to stone tools and stone debris, pieces of pottery vessels are the most common evidence of the former Indian occupation of
Georgia. American archaeologists call these pottery pieces sherds (not shards) and have been studying them for well over 100
years. Despite general similarities in Georgia Indian pottery through time, many differences have been noted. To date, more
than 400 named types have been used by archaeologists to describe the Indian pottery of Georgia. Because many of these names
are redundant or obsolete, however, perhaps 100 types now account for all normal varieties of pottery from Georgia's prehistory.
Even though all Indian pottery is open-fired earthenware made at a low temperature, there were many
variations of the paste formula. The earliest pottery in Georgia—and in the United States—is fiber-tempered, so called because
it was made of a paste formed by mixing, or tempering, Spanish moss with clay. This early pottery dates to perhaps 4,500 years
ago. Most Indian pottery from Georgia was made of paste that was tempered with common sand. Tempering simply allows the paste
of a newly formed pot to dry adequately before firing. A pot made of pure clay will often explode in the firing process when
moisture escapes as steam. Other tempering agents used by Georgia Indians included crushed or ground shell and crushed limestone.
many pottery vessels were simple undecorated cooking vessels, others were decorated using a variety of techniques. The first
and perhaps most important decorative technique used by Georgia Indians was the use of wooden paddle stamps with different
designs carved on their surfaces. Makers imparted the designs to the vessel surface by striking the soft, wet vessels with
the carved paddles. This style of decoration was rare in the native ceramics of most parts of the world, but it was an important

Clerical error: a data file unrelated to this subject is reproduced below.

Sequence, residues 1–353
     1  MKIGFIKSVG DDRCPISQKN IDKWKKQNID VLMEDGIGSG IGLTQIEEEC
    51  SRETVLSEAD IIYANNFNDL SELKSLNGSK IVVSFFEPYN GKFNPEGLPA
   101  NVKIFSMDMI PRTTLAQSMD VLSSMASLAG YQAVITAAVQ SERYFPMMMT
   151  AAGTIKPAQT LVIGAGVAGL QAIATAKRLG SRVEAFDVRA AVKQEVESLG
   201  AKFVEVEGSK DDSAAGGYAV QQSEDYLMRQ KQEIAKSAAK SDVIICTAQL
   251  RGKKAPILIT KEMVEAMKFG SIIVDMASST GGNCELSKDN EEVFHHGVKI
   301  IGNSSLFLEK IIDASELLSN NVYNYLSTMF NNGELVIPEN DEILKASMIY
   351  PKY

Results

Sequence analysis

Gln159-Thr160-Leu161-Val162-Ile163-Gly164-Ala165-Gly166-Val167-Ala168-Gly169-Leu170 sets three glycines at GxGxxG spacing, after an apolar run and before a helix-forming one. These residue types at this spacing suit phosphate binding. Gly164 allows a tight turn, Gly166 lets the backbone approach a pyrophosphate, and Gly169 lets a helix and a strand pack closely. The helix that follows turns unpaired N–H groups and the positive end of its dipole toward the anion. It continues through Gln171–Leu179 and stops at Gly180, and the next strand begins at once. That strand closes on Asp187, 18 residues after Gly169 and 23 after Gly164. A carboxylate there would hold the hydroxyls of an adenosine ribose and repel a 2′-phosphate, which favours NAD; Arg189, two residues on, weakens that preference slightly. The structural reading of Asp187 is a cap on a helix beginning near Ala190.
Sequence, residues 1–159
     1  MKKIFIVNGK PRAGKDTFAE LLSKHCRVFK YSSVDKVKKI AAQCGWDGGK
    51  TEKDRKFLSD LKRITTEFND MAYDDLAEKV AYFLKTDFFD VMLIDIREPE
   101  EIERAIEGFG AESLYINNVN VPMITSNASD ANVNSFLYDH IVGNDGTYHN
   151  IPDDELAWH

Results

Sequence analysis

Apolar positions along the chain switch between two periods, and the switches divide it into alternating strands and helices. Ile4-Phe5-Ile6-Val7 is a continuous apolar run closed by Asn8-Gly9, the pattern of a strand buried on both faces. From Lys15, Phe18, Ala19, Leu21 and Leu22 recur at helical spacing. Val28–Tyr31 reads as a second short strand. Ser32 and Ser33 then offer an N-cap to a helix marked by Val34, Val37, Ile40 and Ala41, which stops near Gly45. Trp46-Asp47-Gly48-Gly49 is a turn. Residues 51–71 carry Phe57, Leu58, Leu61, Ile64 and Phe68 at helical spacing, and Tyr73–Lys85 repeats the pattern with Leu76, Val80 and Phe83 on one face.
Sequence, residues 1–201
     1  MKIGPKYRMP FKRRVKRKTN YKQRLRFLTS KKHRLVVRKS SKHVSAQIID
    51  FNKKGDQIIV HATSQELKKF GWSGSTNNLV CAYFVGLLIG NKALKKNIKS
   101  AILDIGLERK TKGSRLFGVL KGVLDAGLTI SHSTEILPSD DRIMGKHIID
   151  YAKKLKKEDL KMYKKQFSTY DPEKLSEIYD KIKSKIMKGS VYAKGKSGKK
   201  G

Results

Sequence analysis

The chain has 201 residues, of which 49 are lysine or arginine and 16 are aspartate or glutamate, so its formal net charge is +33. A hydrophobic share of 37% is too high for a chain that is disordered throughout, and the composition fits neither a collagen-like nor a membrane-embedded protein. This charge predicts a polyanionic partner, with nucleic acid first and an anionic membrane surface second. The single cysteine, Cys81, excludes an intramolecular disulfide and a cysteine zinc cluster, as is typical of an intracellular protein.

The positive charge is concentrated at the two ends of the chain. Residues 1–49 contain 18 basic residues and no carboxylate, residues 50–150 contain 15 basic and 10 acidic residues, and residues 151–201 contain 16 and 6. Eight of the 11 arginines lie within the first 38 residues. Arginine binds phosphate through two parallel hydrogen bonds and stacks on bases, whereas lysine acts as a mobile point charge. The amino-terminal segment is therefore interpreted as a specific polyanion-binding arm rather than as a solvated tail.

tradition in Georgia Indian ceramics for almost 2,500 years. Another important decoration method included designs incised
or drawn in the wet clay with tools of wood or bone. Some of these designs were quite elaborate. Red and sometimes black or
white paint was also used to decorate vessels. Some vessels had their outsides "decorated" with paddles wrapped in small or
large string or a simple burlaplike fabric.
The forms of vessels ranged from simple straight-sided pots with rounded bases to large excurvate
rim jars to rounded incurving bowls. Most cooking pots were about twelve inches high and the same distance across.
Archaeologists find that pottery is one of the most sensitive indicators of time, and they have used it to construct most
of the chronologies for the last 4,500 years in Georgia prehistory and early history. An unusual aspect of Georgia pottery
production is that the Indians evidently did not use it as a means of expressing themselves. Since most pottery was probably
made by women, young girls would undoubtedly have done their best to emulate accurately their mothers' lessons on the correct
way to make a pot.
Mark Williams and Victor Thompson, "A Guide to Georgia Indian Pottery Types," Early Georgia 27, no. 1 (1999): 1-167.
Mark Williams, University of Georgia
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